This month has seen the publication of new guidance to FE and sixth form colleges on careers. This aims to help us implement the requirement to provide independent careers guidance. There’s nothing in here which good colleges aren’t already doing. In fact, most of us will be doing much more than the document suggests as it seems to assume a rather low base.
The word inspire is used repeatedly in the document and inspiration seems to sum up the government’s view of the purpose of careers advice (see the Inspiration vision statement: careers). Like aspiration, inspiration is often seen as a magic wand to raise achievement. In my experience of working in inner city colleges, most young people are not lacking either. What they often lack are the tools and practical strategies to turn aspiration to reality and that requires planning, consistent teaching and support for skills development throughout their education. A great role-model, workplace visit or inspirational speaker can contribute, but these do not substitute for a well planned careers education programme with support for personal development.
Given the labour market advantage which a university degree offers, there is surprisingly little about supporting realistic HE choices and preparing for successful progression. For most advanced level students this is still quite rightly their most likely next step to realising their aspirations. This is covered very superficially. If all we are expected to do is to support “access to open days” and “help…for example in completing UCAS applications” this doesn’t amount to a comprehensive HE-progression strategy. Fortunately, most of us are delivering well beyond these very basic expectations.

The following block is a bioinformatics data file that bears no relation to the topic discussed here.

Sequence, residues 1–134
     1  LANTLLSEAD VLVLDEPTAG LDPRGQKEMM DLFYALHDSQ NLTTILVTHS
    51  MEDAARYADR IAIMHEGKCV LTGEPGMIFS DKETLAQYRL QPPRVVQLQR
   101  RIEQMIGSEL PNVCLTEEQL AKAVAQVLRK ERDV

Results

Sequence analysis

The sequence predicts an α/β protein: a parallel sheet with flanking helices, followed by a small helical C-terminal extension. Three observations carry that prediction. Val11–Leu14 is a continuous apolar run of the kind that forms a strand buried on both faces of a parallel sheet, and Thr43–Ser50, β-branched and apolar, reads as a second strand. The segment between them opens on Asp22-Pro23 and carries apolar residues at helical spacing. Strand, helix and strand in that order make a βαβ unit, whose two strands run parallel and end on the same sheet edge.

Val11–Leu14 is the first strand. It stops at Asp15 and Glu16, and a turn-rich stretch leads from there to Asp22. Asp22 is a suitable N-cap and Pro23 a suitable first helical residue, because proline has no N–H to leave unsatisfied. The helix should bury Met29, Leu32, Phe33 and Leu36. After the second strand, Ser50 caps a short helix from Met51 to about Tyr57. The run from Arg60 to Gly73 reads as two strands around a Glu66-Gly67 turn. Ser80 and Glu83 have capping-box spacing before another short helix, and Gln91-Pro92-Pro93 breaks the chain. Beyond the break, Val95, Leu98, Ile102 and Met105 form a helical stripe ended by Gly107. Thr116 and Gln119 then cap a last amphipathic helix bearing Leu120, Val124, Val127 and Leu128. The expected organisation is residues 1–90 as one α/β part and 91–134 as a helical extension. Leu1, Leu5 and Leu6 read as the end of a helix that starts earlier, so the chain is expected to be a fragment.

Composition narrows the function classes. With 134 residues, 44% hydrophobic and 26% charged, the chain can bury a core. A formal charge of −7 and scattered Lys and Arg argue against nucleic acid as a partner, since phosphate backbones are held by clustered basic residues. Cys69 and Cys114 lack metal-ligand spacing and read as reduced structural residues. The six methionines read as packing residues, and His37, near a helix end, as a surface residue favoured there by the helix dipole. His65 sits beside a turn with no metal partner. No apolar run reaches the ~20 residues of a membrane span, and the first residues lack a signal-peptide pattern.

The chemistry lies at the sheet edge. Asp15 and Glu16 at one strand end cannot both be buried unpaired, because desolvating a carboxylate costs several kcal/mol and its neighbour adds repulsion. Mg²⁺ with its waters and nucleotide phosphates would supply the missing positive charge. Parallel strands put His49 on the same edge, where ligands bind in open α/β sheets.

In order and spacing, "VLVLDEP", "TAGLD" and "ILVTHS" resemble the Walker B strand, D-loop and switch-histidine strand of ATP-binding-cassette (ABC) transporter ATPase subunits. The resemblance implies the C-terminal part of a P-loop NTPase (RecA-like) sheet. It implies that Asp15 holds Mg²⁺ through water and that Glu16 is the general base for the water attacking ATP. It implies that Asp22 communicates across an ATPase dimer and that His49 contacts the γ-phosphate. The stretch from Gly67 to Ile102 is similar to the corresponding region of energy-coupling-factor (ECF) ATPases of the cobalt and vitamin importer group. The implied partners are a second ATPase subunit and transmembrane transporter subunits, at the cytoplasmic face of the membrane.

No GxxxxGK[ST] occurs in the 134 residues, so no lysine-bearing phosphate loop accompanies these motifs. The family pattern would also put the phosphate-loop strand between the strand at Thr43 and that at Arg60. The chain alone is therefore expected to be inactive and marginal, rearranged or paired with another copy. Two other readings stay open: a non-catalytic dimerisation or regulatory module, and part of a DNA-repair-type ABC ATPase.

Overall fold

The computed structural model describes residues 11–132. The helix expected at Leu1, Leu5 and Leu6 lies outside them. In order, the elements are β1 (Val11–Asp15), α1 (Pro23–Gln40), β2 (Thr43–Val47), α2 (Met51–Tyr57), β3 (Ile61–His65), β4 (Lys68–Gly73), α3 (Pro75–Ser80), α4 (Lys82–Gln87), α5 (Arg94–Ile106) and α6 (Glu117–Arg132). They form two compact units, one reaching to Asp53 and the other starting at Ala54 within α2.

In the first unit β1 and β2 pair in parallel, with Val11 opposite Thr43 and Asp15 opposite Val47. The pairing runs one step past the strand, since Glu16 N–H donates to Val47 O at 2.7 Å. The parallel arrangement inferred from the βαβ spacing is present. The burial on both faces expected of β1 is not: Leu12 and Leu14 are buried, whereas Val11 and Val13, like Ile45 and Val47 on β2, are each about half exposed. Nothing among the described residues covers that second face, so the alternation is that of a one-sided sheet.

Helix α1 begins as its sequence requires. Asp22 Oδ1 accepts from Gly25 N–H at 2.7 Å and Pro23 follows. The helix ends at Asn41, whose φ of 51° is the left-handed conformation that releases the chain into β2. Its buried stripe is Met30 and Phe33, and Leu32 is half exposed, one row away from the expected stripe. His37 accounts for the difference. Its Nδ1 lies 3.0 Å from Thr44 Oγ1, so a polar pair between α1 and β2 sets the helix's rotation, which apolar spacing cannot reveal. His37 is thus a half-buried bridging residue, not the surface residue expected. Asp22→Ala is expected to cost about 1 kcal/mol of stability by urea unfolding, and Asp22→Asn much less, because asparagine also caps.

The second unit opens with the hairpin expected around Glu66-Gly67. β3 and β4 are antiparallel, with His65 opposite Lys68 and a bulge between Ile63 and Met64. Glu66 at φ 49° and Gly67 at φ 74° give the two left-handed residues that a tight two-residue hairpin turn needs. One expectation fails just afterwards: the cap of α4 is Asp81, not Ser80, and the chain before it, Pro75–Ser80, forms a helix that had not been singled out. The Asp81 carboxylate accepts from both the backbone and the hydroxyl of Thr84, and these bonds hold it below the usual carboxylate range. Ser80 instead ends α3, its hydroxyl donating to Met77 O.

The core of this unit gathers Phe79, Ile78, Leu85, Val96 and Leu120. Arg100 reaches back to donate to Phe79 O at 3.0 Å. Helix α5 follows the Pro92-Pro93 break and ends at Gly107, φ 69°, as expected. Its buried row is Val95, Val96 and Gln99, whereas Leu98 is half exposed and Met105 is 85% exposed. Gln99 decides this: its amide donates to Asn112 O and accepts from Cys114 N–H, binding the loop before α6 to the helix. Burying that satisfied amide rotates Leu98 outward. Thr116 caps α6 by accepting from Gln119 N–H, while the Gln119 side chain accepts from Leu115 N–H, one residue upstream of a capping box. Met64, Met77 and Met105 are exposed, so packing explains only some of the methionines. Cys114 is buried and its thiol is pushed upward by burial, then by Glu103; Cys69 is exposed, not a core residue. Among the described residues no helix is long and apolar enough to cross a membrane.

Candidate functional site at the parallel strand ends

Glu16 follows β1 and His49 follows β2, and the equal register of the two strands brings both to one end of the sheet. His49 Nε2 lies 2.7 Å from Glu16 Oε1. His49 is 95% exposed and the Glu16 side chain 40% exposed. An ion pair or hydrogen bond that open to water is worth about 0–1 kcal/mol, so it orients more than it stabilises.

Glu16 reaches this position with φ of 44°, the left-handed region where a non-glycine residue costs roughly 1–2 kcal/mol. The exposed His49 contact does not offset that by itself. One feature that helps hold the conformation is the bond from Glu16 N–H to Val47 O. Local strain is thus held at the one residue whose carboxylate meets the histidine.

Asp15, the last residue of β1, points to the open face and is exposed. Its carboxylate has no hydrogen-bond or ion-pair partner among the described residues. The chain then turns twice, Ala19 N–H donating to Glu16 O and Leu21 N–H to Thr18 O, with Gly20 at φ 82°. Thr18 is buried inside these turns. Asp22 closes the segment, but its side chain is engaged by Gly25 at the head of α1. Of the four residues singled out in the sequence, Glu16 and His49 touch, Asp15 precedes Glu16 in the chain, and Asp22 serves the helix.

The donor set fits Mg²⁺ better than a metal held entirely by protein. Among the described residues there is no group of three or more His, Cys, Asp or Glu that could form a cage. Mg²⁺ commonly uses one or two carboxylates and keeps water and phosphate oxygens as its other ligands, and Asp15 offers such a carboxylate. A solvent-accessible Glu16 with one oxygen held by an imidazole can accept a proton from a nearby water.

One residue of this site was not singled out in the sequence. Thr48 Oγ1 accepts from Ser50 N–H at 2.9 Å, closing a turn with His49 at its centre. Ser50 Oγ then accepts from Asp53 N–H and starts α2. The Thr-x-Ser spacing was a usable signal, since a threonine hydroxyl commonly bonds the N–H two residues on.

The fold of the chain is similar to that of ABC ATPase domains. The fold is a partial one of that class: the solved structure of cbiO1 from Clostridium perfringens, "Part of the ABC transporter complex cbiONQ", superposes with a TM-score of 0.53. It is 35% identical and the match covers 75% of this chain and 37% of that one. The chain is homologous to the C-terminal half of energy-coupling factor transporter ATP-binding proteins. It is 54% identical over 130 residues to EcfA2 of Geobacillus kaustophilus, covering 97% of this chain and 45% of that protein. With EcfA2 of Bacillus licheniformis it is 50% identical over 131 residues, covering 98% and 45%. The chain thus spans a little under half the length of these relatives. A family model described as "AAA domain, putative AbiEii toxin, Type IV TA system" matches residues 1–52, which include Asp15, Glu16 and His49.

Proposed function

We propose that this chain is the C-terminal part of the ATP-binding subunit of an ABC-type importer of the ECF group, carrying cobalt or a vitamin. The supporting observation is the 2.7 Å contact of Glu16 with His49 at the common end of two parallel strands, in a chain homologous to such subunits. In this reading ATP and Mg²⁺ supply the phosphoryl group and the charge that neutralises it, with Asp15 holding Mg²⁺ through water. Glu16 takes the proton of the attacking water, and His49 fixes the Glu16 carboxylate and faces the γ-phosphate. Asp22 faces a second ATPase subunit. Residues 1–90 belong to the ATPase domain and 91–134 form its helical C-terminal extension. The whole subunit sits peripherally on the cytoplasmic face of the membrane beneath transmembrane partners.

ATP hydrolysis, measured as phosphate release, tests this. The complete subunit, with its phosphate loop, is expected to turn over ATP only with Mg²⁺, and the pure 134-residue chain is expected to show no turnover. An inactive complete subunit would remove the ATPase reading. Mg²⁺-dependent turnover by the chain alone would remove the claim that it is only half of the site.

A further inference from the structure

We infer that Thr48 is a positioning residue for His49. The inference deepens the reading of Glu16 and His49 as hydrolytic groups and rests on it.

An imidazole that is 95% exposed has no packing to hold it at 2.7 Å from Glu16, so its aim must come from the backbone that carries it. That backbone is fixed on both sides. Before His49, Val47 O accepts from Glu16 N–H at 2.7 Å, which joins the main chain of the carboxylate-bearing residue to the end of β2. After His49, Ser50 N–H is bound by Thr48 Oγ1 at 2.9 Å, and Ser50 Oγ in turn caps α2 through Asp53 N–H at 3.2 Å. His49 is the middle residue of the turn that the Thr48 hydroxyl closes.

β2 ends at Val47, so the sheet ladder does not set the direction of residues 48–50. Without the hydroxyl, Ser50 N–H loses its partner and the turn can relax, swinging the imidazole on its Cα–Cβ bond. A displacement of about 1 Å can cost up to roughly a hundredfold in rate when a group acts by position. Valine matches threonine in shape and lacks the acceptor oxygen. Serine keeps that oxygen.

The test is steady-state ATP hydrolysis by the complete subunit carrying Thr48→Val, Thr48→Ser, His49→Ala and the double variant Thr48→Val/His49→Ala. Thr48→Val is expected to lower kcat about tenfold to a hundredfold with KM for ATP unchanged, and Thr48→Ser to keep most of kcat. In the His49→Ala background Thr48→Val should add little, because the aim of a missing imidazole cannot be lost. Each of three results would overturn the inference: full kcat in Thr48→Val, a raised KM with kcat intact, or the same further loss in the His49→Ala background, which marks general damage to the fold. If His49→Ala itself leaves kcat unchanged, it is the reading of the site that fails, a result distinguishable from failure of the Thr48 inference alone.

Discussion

There’s also a heavy reliance on employer links to…you guessed it: “inspire” young people. So for example “Colleges are encouraged to connect with the wider business community to identify speakers from business, student mentors and relevant work experience placements. Governors are well placed to facilitate such engagement.” Clearly, governors are sometimes able to steer their college towards great new business links but any college which relied on their governors to broker these would get only very partial coverage and in any case, it is not a governor’s responsibility to find such contacts.
The guidance emphasises the need for students to make well informed decisions and raise their ambitions but does not suggest minimum acceptable standards. For example, having mentioned the Matrix Standard, why not expect all colleges to achieve this or a similar kitemark? There’s also a remarkable reluctance to mention professional careers advisors and their key role in delivering high quality independent information advice and guidance in a way which no individual employer can. Why not require colleges to employ qualified careers professionals?
There are widespread concerns about the variable quality of careers education and the protectionist practices of some schools which choose not to give high quality advice for reasons of self-interest. The Education Select Committee reported that “the quantity and quality of guidance is deteriorating just when it is most needed” (Jan 2013). Given this context, we might have expected this document and its equivalent for schools to have more teeth or at least some strong incentives to raise quality.
The paper concludes with some interesting case studies and useful links to further sources of information and resources.
Overall, this is a rather disappointing document which probably won’t do any harm or much good either. Despite its great emphasis on ‘inspiration’, it failed to inspire me.